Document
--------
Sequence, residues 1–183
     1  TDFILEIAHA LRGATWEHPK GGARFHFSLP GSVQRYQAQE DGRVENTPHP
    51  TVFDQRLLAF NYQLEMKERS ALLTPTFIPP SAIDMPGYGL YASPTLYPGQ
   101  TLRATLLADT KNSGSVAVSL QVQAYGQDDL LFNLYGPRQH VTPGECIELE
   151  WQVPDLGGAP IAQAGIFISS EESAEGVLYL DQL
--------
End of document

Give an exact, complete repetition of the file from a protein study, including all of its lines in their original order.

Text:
Sequence, residues 1–183
     1  TDFILEIAHA LRGATWEHPK GGARFHFSLP GSVQRYQAQE DGRVENTPHP
    51  TVFDQRLLAF NYQLEMKERS ALLTPTFIPP SAIDMPGYGL YASPTLYPGQ
   101  TLRATLLADT KNSGSVAVSL QVQAYGQDDL LFNLYGPRQH VTPGECIELE
   151  WQVPDLGGAP IAQAGIFISS EESAEGVLYL DQL